The agricultural insurance programme that has been piloted since last July has yet to become popular. The three-year programme, which seeks to help farmers overcome losses caused by natural disasters and epidemics, covers three main categories – rice, livestock (buffalo, cows, pigs and poultry), and aquaculture (tra and basa fish, black tiger shrimp, and white leg shrimp) – and is being implemented in 21 cities and provinces.
Farmers in the northern province of Bac Giang harvest rice from fields that were submerged in recent heavy storms. Few farmers in the country have taken part in a three-year pilot programme for crop insurance. (Photo: VNS)
Under it, the Government fully subsidises insurance premium payments for poor farmers, 80 per cent for those living near the poverty line, and 60 per cent for those with an average income.
Production units buying agricultural insurance get 20 per cent support.
But despite the across-the-board subsidy, mainly poor farmers getting 80 and 100 per cent subsidy have signed up, many localities have reported.
For instance, in Vinh Phuc Province, 909 out of 991 households opting for the insurance were poor or near poor, said Bui Nhu Y, deputy director of the Department of Agriculture and Rural Development.
Pham Huu Lang, head of a hamlet in Thai Binh Province's Vu Thu District, said the commune steering committee sent officials to each resident's house to explain the importance of agricultural insurance and encourage farmers to buy it, but farmers had remained indifferent due to high fees and some unreasonable regulations.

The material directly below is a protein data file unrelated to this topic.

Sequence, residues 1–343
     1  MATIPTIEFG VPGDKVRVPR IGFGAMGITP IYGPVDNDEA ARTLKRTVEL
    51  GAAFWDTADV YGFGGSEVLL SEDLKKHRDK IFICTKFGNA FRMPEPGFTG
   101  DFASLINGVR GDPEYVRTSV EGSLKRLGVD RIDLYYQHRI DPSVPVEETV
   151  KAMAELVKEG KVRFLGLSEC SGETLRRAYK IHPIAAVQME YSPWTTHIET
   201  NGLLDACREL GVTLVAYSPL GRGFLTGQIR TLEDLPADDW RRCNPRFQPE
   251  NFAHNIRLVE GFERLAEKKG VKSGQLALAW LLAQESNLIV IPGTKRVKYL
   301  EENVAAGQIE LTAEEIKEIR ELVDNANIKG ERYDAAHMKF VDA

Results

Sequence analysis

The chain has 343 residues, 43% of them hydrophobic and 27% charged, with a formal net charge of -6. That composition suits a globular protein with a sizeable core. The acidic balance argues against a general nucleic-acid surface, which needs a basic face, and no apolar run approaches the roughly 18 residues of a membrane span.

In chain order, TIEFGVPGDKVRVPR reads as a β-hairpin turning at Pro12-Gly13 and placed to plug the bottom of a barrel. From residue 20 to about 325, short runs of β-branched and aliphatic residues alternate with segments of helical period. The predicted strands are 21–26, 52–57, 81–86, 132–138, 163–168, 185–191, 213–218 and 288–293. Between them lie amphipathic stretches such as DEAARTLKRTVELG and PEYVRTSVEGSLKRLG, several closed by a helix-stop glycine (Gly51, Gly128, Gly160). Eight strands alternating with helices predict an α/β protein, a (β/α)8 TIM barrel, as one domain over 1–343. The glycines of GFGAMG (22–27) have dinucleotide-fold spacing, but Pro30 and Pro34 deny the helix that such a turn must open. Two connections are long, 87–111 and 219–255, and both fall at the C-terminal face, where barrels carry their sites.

Nguyen Phi Hung, head of the Nguyen Xa Co-operative in Thai Binh, said the insurance covered some diseases that farmers could themselves fight but not others that were deadlier.
Many local authorities, admitting to this, said some livestock-related provisions should be adjusted and other diseases affecting rice and livestock should be covered to attract more interest.
Besides, the programme should allow provinces to decide what assets would be covered by the insurance, they said. For instance, dairy cow breeding is an important activity in Vinh Phuc and farmers there want to insure their herds, but the programme does not cover it in the province.
Ministries agree to changes
The ministries of Agriculture and Rural Development and Finance have taken on board the criticism and agreed to amend provisions, regulations, and premiums.
Accordingly, MARD plans to add storms and prolonged droughts to the list of natural calamities covered by the programme.
It will also add more diseases affecting rice, cows, buffaloes, pigs, and poultry – including rice blast disease, pasteurellosis, cholera, typhoid, and gumboro – to the list.
The ministry wants insurance companies to popularise the pilot programme and subsidise vaccination and treatment costs.
Nguyen Quang Phi, deputy general director of the State-owned Bao Viet Insurance, said the central steering committee on agricultural insurance had reduced the premiums for pigs.
It was studying cuts in premiums for other animals too, he added.
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